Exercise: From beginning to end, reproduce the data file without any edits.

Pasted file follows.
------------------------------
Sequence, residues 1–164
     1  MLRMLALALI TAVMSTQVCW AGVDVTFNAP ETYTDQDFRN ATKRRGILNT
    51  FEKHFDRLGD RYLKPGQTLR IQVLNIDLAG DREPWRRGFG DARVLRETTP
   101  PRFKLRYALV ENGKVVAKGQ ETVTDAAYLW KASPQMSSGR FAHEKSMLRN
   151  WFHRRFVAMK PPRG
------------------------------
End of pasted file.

Sequence, residues 1–164
     1  MLRMLALALI TAVMSTQVCW AGVDVTFNAP ETYTDQDFRN ATKRRGILNT
    51  FEKHFDRLGD RYLKPGQTLR IQVLNIDLAG DREPWRRGFG DARVLRETTP
   101  PRFKLRYALV ENGKVVAKGQ ETVTDAAYLW KASPQMSSGR FAHEKSMLRN
   151  WFHRRFVAMK PPRG